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The Revolution Starts at Home: Confronting Intimate Violence Within Activist Communities
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The Revolution Starts at Home: Confronting Intimate Violence Within Activist Communities

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4.38 of 5 stars 4.38  ·  rating details  ·  508 ratings  ·  26 reviews

"Was/is your abusive partner a high-profile activist? Does your abusive girlfriend’s best friend staff the domestic violence hotline? Have you successfully kicked an abuser out of your group? Did your anti-police brutality group fear retaliation if you went to the cops about another organizer’s assault? Have you found solutions where accountability didn’t mean isolation f

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Paperback, 325 pages
Published May 24th 2011 by South End Press (first published May 1st 2011)
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Jenny Devildoll
Sep 04, 2012 Jenny Devildoll rated it 2 of 5 stars
Recommends it for: people who can separate wheat from chaff
Recommended to Jenny by: feministing.com write up
A seemingly necessary anthology (EDIT AFTER READING CHRYSALIS COLLECTIVE ESSAY THIS IS NOT NECESSARY AT ALL), I picked this up at Word Up! a pop up bookstore in Washington Heights. I'm going to jot down thoughts on each essay as I read them.
1) Reclaiming Queer & Trans Safety - Morgan Bassichis Calls for dismantling of all governmental institutions that have thus far failed to keep us safe(police, prisons), but doesn't offer any realistic alternatives. Let's all confront rapists and abusers i
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Tinea
Nov 20, 2011 Tinea rated it 5 of 5 stars
Recommended to Tinea by: Adrienne
In the movement striving to create alternative, restorative forms of justice that respect survivors' needs and wishes while simultaneously respecting and embracing the humanity of aggressors, we are... somewhere muddying and confusing. This book lays out what has been tried and what has been theorized, and while it's clear that the visions have yet to pan out perfectly in practice, the experiences laid out here are practical enough that you start to see how the paradigm could work, could really ...more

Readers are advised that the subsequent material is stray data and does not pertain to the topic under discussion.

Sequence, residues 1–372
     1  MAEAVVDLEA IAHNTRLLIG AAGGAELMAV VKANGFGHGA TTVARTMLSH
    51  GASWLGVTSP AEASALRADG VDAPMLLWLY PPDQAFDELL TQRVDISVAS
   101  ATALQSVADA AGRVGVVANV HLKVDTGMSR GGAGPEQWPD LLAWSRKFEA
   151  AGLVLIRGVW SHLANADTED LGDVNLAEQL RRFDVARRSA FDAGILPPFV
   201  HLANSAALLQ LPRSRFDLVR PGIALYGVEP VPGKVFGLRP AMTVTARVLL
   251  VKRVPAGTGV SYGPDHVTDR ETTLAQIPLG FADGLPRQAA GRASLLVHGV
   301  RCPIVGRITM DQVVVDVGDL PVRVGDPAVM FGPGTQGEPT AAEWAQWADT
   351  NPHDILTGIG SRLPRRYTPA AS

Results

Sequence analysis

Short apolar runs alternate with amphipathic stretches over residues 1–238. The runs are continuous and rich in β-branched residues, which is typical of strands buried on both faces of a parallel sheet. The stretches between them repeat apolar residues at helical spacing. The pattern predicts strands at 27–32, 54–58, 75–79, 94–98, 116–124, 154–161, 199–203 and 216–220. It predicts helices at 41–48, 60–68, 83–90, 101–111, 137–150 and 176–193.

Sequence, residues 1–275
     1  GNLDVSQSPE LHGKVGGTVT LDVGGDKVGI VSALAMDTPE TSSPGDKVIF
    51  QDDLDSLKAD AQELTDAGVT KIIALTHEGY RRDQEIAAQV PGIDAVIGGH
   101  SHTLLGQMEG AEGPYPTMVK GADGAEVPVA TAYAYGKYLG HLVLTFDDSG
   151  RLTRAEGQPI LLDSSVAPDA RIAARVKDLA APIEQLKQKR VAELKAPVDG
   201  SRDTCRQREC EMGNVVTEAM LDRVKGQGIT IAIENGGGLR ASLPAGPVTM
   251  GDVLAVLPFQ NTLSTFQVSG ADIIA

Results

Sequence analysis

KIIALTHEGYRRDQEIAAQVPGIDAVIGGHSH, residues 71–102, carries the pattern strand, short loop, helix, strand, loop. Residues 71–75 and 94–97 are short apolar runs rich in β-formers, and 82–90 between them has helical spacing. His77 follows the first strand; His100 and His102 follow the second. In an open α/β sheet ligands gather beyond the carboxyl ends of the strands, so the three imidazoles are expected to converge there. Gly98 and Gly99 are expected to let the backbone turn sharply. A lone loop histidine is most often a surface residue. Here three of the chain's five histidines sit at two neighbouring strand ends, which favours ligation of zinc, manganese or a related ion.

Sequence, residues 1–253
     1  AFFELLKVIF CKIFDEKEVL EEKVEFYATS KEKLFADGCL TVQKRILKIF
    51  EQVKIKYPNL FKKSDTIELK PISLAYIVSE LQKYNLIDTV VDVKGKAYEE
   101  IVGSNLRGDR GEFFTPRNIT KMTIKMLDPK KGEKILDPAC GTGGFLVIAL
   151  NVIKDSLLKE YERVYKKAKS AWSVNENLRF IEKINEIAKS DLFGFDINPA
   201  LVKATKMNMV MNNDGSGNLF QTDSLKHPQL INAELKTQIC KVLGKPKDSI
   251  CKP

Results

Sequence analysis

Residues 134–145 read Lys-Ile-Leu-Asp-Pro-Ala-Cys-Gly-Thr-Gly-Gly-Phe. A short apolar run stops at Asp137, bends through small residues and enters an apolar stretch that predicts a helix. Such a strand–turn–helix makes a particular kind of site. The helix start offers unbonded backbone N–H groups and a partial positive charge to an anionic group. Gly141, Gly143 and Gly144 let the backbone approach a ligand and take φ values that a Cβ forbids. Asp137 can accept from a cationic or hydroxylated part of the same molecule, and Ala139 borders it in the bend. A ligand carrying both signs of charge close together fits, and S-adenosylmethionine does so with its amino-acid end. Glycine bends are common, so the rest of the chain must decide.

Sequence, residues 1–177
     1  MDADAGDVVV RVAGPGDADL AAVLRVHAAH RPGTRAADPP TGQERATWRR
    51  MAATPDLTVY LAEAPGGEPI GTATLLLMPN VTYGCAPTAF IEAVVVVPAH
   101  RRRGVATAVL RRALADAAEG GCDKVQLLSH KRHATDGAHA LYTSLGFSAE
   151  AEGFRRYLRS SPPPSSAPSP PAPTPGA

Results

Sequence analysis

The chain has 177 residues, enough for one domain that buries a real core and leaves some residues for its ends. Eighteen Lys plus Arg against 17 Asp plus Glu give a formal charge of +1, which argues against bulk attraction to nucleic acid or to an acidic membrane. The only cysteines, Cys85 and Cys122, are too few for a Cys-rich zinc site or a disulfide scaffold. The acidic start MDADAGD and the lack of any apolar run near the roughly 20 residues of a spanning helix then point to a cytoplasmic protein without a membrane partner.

Roxanna Banana
I think this is essential reading, but with a critical mind. Maybe i don't believe in restorative justice, maybe i think there are too many people in the world. I think intimate violence needs to be addressed more often, but I think that white males SHOULD have the system used against them. Why does it need to be used against racialized people only? In the Chrysalis collective's story, a young activist of colour was sexually assaulted by a white male and they decided to use restorative justice. ...more
Katherine
I suppose it's appropriate that I received confirmation that my sexual assault case had been rejected by the DA on the same day my copy of The Revolution Starts at Home arrived in the mail.

I'd long since come to realize that going to the cops represented, at best, a totally inadequate response to what my abusive ex-partner and I have gone through, and at worst, a form of vengeance-by-the-system inflicted on a woman, a family, and a community who already live with it constantly. For much the same
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Jose Palafox
I read this when it was submitted for possible publication at the place I used to work. This is amazing, get it when it comes out! Right on to South End Press for putting this book. There are some xeroxed versions of this as a zine but, as a book, it is much more complete.
Maddee